Shapiro syndrome (medical condition)

A rare disorder characterized by recurring periods of hypothermia that occur for no obvious reason. See also Spontaneous periodic hypothermia

Shapiro syndrome is a rare medical condition that is also known as familial dysautonomia type 3 or hereditary sensory and autonomic neuropathy type 3 (HSAN-III). It is an autosomal recessive disorder, which means that a person must inherit two copies of the defective gene (one from each parent) in order to develop the condition.

The syndrome is characterized by episodes of hypothermia (low body temperature), hyperhidrosis (excessive sweating), and a peculiar behavior of emotional lability (rapid changes in mood or behavior). Other symptoms may include difficulty swallowing, difficulty regulating blood pressure and heart rate, gastrointestinal problems, and respiratory difficulties.

Shapiro syndrome is caused by a genetic mutation that affects the development and function of the autonomic nervous system, which is responsible for regulating involuntary functions such as heart rate, blood pressure, and temperature control. The mutation affects the production of a protein called IKAP, which is necessary for the normal development and function of the autonomic nervous system.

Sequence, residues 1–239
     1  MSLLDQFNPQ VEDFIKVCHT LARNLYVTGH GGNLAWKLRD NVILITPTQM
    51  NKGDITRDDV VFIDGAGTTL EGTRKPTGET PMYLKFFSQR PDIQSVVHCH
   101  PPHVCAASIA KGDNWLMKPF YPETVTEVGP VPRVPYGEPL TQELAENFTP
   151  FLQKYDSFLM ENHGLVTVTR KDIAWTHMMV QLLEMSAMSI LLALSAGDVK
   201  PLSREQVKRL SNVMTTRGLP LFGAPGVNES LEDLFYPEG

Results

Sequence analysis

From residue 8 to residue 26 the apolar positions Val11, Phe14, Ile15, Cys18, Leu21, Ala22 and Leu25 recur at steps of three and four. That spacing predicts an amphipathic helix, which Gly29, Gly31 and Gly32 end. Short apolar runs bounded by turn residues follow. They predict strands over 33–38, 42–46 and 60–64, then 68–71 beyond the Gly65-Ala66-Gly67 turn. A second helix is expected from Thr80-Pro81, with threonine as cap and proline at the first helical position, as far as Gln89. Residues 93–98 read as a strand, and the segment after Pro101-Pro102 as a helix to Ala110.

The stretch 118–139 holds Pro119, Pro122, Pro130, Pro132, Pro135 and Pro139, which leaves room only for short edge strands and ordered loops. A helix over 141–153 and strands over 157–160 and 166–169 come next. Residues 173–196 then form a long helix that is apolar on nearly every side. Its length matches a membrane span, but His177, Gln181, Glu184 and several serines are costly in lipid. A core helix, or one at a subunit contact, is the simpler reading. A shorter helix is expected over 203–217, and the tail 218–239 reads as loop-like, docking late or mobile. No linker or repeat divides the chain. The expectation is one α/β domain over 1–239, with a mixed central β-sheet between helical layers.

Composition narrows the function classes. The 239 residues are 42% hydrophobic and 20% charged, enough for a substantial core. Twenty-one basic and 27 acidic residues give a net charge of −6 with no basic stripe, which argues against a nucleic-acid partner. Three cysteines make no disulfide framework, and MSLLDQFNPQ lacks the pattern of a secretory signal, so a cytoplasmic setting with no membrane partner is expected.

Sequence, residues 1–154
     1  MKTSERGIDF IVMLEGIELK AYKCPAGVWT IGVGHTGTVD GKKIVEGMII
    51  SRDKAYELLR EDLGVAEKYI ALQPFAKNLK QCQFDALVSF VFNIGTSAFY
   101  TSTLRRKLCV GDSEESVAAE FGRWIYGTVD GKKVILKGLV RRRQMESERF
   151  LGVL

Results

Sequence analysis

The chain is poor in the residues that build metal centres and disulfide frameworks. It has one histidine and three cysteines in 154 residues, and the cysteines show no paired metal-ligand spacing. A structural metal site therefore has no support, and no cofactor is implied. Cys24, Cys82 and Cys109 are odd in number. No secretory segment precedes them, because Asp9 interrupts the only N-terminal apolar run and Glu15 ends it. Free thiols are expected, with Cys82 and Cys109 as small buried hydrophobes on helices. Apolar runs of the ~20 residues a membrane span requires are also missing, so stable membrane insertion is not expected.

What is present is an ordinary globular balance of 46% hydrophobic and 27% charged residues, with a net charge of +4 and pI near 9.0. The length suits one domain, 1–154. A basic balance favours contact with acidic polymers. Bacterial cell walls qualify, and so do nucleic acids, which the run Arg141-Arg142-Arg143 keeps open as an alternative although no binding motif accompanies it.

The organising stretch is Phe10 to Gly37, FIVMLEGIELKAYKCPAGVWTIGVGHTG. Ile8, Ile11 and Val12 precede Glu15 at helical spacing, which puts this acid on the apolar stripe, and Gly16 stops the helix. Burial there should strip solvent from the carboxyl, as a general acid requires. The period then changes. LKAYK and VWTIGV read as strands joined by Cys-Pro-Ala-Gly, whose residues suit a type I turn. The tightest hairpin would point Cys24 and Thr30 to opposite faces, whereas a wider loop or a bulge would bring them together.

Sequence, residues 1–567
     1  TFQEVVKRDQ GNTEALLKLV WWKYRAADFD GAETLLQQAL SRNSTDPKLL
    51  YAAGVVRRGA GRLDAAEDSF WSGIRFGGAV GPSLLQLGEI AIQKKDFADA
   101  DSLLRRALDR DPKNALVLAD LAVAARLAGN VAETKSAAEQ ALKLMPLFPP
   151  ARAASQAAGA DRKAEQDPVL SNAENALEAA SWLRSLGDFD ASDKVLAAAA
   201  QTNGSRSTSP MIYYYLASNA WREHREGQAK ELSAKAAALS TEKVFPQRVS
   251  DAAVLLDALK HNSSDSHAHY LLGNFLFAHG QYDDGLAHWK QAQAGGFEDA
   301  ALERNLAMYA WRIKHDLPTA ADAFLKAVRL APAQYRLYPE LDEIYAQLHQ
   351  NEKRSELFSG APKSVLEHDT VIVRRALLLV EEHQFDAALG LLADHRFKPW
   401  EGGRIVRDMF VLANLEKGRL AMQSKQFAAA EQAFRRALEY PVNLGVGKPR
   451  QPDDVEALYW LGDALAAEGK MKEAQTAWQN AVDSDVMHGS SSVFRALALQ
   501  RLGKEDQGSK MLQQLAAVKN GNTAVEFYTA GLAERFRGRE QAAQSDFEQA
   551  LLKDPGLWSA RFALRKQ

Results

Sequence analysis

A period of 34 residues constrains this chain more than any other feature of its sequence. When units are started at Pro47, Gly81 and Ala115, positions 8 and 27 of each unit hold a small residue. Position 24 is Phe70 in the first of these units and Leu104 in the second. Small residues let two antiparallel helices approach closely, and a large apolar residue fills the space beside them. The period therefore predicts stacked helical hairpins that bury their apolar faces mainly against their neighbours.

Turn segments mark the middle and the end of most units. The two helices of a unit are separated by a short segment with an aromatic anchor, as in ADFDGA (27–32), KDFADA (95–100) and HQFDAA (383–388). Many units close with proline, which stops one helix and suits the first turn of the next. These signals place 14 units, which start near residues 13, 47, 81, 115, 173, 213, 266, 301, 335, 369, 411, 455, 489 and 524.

There is no cure for Shapiro syndrome, and treatment is usually focused on managing the symptoms. This may involve medications to help regulate blood pressure and heart rate, as well as therapies to address gastrointestinal and respiratory problems. People with Shapiro syndrome may also benefit from regular monitoring by a healthcare professional to manage any potential complications of the condition.